Click here to learn more detailed information about brain injuries.

Chronic Pain Syndrome - Social Security Disability Lawyers for Chronic Pain Syndrome

Pain itself is disabling and the Social Security Administration recognizes that for purposes of qualifying for SSD benefits. If you have suffered chronic pain for at least six (6) months and have a diagnosis of it from your doctor you may qualify if you meet all the other criteria. If you take serious pain killers you may not be able to work because just taking the pills will subject you, or your co-workers, depending upon the type of work you did so this also is looked at by your SSD benefits attorney.

Ruptured Disc or Herniated Disk - Social Security Disability Lawyers for Herniated Discs

A ruptured disc happens when a portion of the spinal disc expands beyond its normal boundary. A herniated can pinch the nerves and spinal cords, resulting in pain and discomfort. A herniated disc can occur after a fall or an accident, or can be caused by repetitive straining. To receive SSI or SSDI for a herniated disc, you must be able to prove your symptoms have persisted, despite treatment, for more than a year.

Click here to learn more about spinal conditions, including ruptured or herniated discs.

Broken Limbs or Amputated Limbs - Social Security Disability Lawyers for Amputation Injuries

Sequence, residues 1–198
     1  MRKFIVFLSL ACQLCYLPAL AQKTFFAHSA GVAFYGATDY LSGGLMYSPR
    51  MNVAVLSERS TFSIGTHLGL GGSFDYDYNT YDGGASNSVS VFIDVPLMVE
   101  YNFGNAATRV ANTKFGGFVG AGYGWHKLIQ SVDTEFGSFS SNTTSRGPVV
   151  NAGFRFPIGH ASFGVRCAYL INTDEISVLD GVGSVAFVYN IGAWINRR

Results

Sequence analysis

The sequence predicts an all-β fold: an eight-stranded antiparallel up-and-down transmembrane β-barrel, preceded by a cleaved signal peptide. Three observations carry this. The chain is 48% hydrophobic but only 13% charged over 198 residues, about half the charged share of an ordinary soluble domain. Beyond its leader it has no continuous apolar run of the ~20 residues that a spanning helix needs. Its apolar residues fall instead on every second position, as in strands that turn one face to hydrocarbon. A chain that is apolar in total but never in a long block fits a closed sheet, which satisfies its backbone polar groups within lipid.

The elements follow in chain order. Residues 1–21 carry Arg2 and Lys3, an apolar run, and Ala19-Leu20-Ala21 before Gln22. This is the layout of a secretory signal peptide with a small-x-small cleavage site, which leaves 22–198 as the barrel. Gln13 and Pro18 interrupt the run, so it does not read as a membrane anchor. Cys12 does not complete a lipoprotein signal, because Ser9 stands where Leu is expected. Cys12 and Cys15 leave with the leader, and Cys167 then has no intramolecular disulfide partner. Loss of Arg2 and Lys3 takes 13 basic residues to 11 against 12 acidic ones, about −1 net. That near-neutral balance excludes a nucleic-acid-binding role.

If you fracture the major bones of your arm or leg, or, alternatively, have had a surgical amputation or traumatic amputation, you may be able to receive Social Security Disability benefits if your ability to walk or perform fine or gross movements has been impacted for 12 months or more. If you are not able to walk at a regular pace or over a normal distance, you may also qualify.

Back Injury or Orthopedic Injuries - Social Security Disability Lawyers for Back Injuries

Back injuries can be caused by damage to the bones and muscles of the back. Common injuries include sprains and strains, fractured vertebrae and herniated discs. Back injuries are very common: each year, a full one million Americans will suffer a back injury and a full fifth of all workplace injuries are back injuries. Up to 70 percent of the American population may suffer from lower back pain.

Click here to learn more about back injuries and spinal conditions.